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(Nailed it!)

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(Above: Dave crushing Rifle Chute)

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White water canoeing has inherent risks, and spilling can be a frequent occurrence.  Thankfully the Madawaska is a fairly forgiving river in the sense that most rapids are followed by slow moving pools which easily accommodates spilled paddlers.  Swimming to shore from these pools is usually fairly quick and easy to do.

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(The author hitting split rock rapids)

River features like rapids and specific rocks often come with weird and quirky names.  Some seem to have no meaning at all, while others are aptly named.  We encountered one such feature ( a rock) in Raquette Rapids dubbed “The Canopener”.  This rock is located immediately down stream of the rapids that canoes often get pinned against, leaving them “open” the current. According to the locals, it can be nearly impossible to remove the canoes from the rocks during high water.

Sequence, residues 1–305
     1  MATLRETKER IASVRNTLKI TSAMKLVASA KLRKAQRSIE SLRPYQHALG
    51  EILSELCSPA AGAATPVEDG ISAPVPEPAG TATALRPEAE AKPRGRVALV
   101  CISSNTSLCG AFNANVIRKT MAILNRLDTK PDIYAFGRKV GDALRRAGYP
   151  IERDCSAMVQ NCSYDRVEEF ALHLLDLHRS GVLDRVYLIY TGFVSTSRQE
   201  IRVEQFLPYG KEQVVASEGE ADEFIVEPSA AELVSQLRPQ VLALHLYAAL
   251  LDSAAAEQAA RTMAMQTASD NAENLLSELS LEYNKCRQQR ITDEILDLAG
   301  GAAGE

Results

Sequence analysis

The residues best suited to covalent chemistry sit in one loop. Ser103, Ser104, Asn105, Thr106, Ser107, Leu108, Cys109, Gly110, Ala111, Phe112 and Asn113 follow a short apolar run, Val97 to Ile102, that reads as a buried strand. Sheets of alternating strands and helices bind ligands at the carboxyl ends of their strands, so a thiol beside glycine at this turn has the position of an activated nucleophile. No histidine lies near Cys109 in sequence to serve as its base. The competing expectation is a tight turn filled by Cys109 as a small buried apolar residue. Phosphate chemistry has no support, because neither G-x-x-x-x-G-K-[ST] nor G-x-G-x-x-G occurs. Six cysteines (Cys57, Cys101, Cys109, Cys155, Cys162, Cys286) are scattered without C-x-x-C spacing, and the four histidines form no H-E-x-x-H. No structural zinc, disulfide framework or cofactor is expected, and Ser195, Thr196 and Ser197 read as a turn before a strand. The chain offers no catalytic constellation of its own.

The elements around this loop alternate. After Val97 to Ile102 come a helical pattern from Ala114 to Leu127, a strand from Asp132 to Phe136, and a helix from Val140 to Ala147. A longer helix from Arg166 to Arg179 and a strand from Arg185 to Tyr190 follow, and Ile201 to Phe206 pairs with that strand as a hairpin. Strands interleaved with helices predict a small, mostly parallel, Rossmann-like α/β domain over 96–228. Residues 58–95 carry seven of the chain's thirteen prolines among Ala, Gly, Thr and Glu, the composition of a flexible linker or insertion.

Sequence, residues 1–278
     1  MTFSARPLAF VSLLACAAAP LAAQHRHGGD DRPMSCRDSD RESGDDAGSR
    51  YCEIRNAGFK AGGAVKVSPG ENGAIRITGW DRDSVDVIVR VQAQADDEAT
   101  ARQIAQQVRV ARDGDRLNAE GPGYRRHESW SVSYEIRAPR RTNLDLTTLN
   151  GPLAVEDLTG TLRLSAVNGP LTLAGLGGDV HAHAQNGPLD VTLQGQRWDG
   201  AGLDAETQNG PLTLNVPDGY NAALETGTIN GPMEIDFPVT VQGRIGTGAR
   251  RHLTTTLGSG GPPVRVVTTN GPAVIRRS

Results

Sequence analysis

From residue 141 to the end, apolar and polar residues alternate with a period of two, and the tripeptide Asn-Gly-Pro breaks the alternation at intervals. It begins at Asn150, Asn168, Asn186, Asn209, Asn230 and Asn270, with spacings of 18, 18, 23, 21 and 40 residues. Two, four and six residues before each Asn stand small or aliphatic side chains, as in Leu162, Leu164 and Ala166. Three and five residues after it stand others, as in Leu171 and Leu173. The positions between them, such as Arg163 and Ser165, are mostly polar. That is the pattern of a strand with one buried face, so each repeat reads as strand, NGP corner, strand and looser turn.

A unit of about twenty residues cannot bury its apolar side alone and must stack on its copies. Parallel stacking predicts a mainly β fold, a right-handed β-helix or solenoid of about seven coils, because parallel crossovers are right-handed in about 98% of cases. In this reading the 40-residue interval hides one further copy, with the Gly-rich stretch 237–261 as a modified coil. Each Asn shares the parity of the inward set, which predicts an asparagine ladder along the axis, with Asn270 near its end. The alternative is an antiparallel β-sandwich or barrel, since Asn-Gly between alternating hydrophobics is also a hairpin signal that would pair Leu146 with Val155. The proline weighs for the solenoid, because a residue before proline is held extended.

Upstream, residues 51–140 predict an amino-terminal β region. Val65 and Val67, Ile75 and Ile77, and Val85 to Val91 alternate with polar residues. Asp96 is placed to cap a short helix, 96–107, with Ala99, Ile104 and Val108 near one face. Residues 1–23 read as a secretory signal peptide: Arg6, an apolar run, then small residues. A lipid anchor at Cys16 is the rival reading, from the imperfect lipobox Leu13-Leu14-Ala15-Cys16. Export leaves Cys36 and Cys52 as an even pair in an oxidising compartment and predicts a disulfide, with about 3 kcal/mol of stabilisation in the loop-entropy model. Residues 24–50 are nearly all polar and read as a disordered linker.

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The addiction to white-water grew over the trip and by the end, I was eagerly anticipating the next set.  Definitely a trip I would do again.

Cheers from the rapids,

Albert

 

Bay of Quinte 2016

Southern Ontario is still in the grip of a drought.  Water levels are extremely low and the temperatures seem to stay above 30 almost every day.  Typically I would say these conditions do not bode well for fishing.  However chances to fish with my family are few and far between so we didn’t let that dissuade us this weekend.